Study Highlights Importance of Web-based Customers
March 05, 2008
Organizations throughout the world have turned to multi-channel communication with their customers. Whether this communication is in the form of contact center channels, or selling channels, the idea is to improve communication options and thereby drive increased sales. It should be considered part of the total customer service package.
The Service Excellence Research Group, LLC, recently announced the publication of a new study focusing on the current state of online shopping and customer service. Influencing the Online Experience provides insight into consumers’ expectations for their online interactions and common areas where organizations tend to fall short in satisfying those consumers.
"In our effort to encourage customers to serve themselves, organizations have removed the human factor from the on-line experience. The onus for delivering a positive experience now lies with the tools and content offered, and their relevance in helping customers achieve their objectives,” said Tom Sweeny, Principal and Co-founder, ServiceXRG, in a statement.
Sweeny continued: “With competitors just a Google (News
) search away, consumers must have easily accessible, quality information at their fingertips. Businesses can no longer ignore poor online customer service, as the Web is shaping up to be the critical battleground for organizations to maintain a competitive edge."
The study thoroughly examined the entire customer service lifecycle across multiple vertical markets. By surveying nearly 1,000 companies and online shoppers, ServiceXRG sought to determine how consumers use search for online support, conduct product research and engage in shopping activities.
Looking at the other side of the business, the study also explored the investments, tools and resources the “supply side” provides to encourage Web use, drive successful online transactions and deliver a positive customer experience.
ServiceXRG found that content quality and the ability to access it are overwhelmingly top concerns for both companies and consumers. In fact, 74.5 percent of consumers reported use of a company’s website to get information about a product or service, yet only 44 percent of those surveyed felt that the information met their needs.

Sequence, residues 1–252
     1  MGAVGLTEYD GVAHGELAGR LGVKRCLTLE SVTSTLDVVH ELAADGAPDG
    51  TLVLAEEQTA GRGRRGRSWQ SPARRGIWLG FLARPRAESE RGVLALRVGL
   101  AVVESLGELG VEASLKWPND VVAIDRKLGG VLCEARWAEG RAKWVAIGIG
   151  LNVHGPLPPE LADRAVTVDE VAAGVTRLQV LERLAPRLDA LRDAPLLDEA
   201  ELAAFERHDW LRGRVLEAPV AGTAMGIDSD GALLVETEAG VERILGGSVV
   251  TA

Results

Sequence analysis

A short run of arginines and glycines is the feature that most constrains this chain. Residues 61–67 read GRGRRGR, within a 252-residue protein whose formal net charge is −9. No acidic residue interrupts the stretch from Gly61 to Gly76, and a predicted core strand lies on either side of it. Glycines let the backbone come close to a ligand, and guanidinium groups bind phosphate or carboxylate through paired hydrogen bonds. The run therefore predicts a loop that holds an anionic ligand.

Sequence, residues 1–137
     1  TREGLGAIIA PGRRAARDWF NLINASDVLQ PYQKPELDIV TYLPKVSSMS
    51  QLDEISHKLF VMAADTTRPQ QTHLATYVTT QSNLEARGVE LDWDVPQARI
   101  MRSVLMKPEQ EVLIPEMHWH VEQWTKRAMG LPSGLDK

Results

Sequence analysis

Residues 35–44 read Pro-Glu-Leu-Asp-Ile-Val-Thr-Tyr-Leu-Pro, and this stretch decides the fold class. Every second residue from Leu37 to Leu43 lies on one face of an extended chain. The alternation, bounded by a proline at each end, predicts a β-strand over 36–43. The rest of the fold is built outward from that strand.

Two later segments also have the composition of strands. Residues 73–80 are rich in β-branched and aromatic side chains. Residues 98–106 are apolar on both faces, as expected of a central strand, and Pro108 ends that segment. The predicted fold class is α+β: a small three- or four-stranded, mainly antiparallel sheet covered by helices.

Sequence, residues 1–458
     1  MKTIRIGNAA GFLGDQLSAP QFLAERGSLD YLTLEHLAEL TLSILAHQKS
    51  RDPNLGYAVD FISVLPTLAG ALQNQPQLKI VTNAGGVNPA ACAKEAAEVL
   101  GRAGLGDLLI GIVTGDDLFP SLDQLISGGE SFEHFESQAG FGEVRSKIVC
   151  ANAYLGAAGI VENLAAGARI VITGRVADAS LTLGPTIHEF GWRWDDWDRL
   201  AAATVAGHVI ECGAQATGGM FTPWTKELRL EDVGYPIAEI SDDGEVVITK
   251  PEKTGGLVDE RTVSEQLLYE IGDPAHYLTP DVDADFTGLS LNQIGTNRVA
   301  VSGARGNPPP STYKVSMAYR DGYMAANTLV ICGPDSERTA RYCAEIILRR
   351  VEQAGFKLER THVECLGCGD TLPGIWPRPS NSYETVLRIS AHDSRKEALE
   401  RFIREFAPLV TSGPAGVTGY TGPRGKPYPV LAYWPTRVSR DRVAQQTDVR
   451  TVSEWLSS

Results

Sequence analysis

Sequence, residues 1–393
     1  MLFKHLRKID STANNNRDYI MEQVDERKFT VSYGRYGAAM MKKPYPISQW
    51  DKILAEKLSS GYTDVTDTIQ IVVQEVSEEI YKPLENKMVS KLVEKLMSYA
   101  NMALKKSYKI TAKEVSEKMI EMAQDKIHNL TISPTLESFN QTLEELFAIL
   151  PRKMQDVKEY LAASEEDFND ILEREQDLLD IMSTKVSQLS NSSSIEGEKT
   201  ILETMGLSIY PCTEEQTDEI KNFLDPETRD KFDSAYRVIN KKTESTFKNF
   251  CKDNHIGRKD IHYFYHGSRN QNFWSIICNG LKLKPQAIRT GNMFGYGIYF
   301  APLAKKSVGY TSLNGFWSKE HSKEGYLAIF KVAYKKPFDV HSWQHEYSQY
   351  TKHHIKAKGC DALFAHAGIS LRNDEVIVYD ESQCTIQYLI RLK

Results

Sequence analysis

From the business standpoint, 97 percent of companies plan to make future investments to enhance the customer’s ability to find the service information they need, with content enhancements topping the list.
The results of this study also indicated that customers that have a positive experience are three times more likely than those that has a neutral or negative experience to buy a product from the company that delivered the experience; four times more likely to recommend a company or renew an existing relationship; and five times more likely to report that they are satisfied.
The online shopping experience is part of the total customer experience and can no longer be viewed as an area where a superior experience is optional. It must now be considered a necessity for creating and sustaining customer loyalty and achieving market differentiation.
"This study should serve as a call-to-action for organizations," said Mike Murphy, CEO of InQuira (News
), in a statement. "The average consumer expects a superior online experience, but as this study demonstrates, his needs are not being met.”
“Creating a great customer experience depends on good information, the ability to easily find it, and technology to support the entire customer experience lifecycle. This study will serve as a valuable resource for organizations looking to utilize customer experience best practices," Murphy added.
It is important to note that the content presented online is directly linked to the amount of action required by the contact center. For those organizations that have provided superior information and quality experiences online, the cost association per use is minimal and contact centers need not get involved.
For those that provide just minimal information and service, more demands are put on the contact center, which will result in higher costs for the company and a less than optimal experience for the customer.
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Susan J. Campbell is a contributing editor for TMCnet and has also written for eastbiz.com. To read more of Susan’s articles, please visit her columnist page.